Music

OHMME Enthralls Through Experimentimentation on New Album 'Parts'

Publicity photo via Bandcamp

Self-recorded and self-produced, Parts places OHMME at the forefront of the experimental rock music scene.

Parts
OHMME

Joyful Noise

24 August 2018

On OHMME's new album, Sima Cunningham and Macie Stewart definitively prove that Chicago girls do it better. The pair, who gained acclaim for their self-titled debut album that stood as a testament to the fine work they've become known for in the Chicago experimental scene, churn out a product that's filled with noises and sounds that are sure to impress and confound listeners. Perhaps the most amazing aspect of the duo's talent is the breadth of their expertise. OHMME's inception is partly thanks to Cunningham attending a high school production of Little Shop of Horrors that Stewart starred in. The tracks on Ohmme and Parts are a far cry from "Suddenly Seymour", a testament to to the versatility of the pair.

It's easy to get distracted by the mesmerizing vocals on Parts. Their harmonies flit from straightforward and energetic on opening track "Icon" to dark and dissonant on "Liquor Cabinet". Comparisons could easily be drawn to femme-duo greats, from the careful vocal arrangements of Lucius to the punky grittiness of Girlpool. However, it's the guitarwork that takes center stage on Parts. Both artists are classically trained instrumentalists in other mediums, it's no wonder that they're so adept at the instrument. Riffs are all at once sultry and sweet, grating and dark all within one album. Often, these contrasting multitudes exist within one song.

When the vocals and instrumentation meld, there's no stopping OHMME, spelling standout tracks aplenty. The closing song "Walk With Me" showcases their lyrical ability, with the melancholy refrain, "Watch all your steps / Every dog has its bite / No one is sicker than you / It used to be me, and it used to be you / What did you want me to do? / It's alright." The song evokes Chicago contemporaries Campdogzz who, on their most recent release, incorporated Southwestern, cowboy-esque vibes.

On the other hand, "Water" is a beautiful example of the journey OHMME can take listeners on within the span of a few moments. The song begins with a spare, sinister, electric pulsating rhythm paired with Cunningham and Sima's signature tandem vocals. As the two sing, "Why is there water in my eye?", drums collapse in the background. Then, out of nowhere, the track transitions into a pitter-patter of vocal arpeggios, building into an orchestrated watercolor that weeps, and bleeds, and morphs, and grows. Clocking in at just two minutes and 30 seconds, the short song is a sonic journey complete with twists, turns, and a satisfying end.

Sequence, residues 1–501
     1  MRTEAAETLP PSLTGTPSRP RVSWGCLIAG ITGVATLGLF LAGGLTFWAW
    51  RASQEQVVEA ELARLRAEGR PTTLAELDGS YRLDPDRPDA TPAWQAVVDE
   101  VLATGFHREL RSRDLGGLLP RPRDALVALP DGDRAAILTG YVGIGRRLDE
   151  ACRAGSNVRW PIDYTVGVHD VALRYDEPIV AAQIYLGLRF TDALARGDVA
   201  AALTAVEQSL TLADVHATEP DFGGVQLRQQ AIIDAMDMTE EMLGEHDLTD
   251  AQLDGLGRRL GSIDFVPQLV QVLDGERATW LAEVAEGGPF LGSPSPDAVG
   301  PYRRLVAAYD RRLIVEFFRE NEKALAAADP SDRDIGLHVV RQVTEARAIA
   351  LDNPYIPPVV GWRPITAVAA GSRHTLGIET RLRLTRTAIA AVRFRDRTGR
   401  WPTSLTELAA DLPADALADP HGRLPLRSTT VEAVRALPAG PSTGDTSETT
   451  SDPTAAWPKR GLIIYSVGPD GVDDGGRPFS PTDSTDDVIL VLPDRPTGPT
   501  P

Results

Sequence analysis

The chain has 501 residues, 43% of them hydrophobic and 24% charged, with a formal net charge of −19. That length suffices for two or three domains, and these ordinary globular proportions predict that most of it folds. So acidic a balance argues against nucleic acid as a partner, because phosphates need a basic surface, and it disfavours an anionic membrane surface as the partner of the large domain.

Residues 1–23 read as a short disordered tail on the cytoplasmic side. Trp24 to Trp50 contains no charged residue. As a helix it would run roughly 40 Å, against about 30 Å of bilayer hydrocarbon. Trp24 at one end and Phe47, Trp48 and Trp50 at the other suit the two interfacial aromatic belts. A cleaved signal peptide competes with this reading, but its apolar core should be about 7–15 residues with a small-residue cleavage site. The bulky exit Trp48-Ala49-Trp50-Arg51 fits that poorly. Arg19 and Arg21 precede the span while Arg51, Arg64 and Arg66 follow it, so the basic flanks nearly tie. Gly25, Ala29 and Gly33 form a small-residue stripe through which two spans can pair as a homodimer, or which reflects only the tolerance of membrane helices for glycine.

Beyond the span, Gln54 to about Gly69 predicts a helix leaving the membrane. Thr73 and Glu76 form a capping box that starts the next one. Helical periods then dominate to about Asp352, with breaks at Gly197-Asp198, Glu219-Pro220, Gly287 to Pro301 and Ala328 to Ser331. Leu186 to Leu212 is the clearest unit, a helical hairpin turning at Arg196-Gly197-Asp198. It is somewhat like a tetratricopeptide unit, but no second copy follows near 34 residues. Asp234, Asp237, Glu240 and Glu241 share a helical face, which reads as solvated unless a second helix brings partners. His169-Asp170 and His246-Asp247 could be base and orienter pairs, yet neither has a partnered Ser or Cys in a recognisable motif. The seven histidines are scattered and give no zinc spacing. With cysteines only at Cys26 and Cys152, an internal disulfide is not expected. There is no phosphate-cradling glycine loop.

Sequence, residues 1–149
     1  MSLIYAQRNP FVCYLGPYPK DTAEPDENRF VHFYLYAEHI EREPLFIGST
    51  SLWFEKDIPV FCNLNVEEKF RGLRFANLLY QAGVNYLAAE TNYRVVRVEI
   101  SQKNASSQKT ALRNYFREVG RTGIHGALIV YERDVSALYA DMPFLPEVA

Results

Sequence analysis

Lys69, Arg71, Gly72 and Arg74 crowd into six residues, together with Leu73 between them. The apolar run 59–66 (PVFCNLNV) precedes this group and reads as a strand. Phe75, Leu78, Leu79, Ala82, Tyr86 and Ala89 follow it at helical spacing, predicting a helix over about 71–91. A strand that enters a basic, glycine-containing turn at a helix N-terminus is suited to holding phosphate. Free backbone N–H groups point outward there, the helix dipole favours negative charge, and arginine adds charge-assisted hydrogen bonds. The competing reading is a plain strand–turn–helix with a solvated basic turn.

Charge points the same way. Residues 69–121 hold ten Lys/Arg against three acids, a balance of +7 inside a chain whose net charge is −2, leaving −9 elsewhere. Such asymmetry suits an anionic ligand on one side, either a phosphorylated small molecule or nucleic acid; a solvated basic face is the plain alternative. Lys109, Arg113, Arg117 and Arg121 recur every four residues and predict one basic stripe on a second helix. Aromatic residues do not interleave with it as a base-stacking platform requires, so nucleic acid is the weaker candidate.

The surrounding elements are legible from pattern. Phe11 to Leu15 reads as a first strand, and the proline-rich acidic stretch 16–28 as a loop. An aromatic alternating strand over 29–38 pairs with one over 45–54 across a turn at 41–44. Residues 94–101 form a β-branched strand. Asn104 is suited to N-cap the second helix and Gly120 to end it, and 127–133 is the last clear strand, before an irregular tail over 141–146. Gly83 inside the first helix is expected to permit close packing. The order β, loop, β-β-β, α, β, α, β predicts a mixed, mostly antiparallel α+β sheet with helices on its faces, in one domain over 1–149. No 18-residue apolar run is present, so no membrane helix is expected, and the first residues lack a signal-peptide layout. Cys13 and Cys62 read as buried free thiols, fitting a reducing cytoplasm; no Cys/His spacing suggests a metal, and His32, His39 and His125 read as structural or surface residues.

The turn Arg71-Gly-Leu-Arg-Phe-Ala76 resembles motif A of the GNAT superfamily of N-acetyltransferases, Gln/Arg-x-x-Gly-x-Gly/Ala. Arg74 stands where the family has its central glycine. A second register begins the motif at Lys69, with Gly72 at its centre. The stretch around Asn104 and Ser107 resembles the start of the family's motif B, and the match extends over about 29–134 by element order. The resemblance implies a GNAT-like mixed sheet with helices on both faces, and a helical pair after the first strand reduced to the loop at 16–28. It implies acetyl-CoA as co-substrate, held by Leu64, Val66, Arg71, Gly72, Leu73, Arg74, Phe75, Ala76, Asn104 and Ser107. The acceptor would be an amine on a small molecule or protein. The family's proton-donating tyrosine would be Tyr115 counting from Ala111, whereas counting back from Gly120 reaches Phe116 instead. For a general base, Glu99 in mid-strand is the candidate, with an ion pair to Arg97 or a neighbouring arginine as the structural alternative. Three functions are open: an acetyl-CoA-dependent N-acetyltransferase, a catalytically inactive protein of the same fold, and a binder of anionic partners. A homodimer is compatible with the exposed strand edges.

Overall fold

Finally, transcendent track, "Sentient Beings", begins with a moseying, screechy violin. From there, we get plucky vocals and soft violin. Then, the track opens up with more careful strings, humming, and a momentous build that blossoms into one of the most beautiful songs I've heard this year. As they sing, "I was lost in your garden," we get lost in the music.

Altogether, Parts is stimulating, surprising, and utterly inventive. The duo demands attention from listeners, requiring mental acrobatics as they flit from one idea to another. Tones shift, compositions change, and there is barely a moment to rest. Though exciting, this ever-changing element is also where Parts fails. The tracks contain little that succinctly threads them together. Each song is built of delicate, yet differing, layers.

For example, title track "Parts" is built on a stilted, galloping guitar through-line, with shadowy effects that throw a wrench in the rhythm partway through. Then, just as soon as it's started, the track ends. This general structure—established stasis with a surprising interruption—is duplicated throughout the record. Though this yields lots of opportunities for experimentation, the tracks sometimes feel like carefully constructed staircases that lead nowhere. That said, though the experimentation doesn't always necessarily work, the album always attempts—perpetually reaching for a new sound. The haphazardness is artful, and therefore forgivable.

More than anything, OHMME is yet another testament to the trend that Chicago remains an epicenter of exciting, enticing music. Between the two of them, Cunningham and Stewart's sonic resume is impressive, boasting support for Chance the Rapper, Whitney, Twin Peaks, and Tweedy—all homegrown acts. Even more impressive, the album was recorded and self-produced in Cunningham's home studio, Fox Hall. The pair are veritable DIY-deities in the city. Parts proves that they're of capable spreading beyond the Midwest, blessing the world beyond with their angelic vocals and iconic guitar.

7

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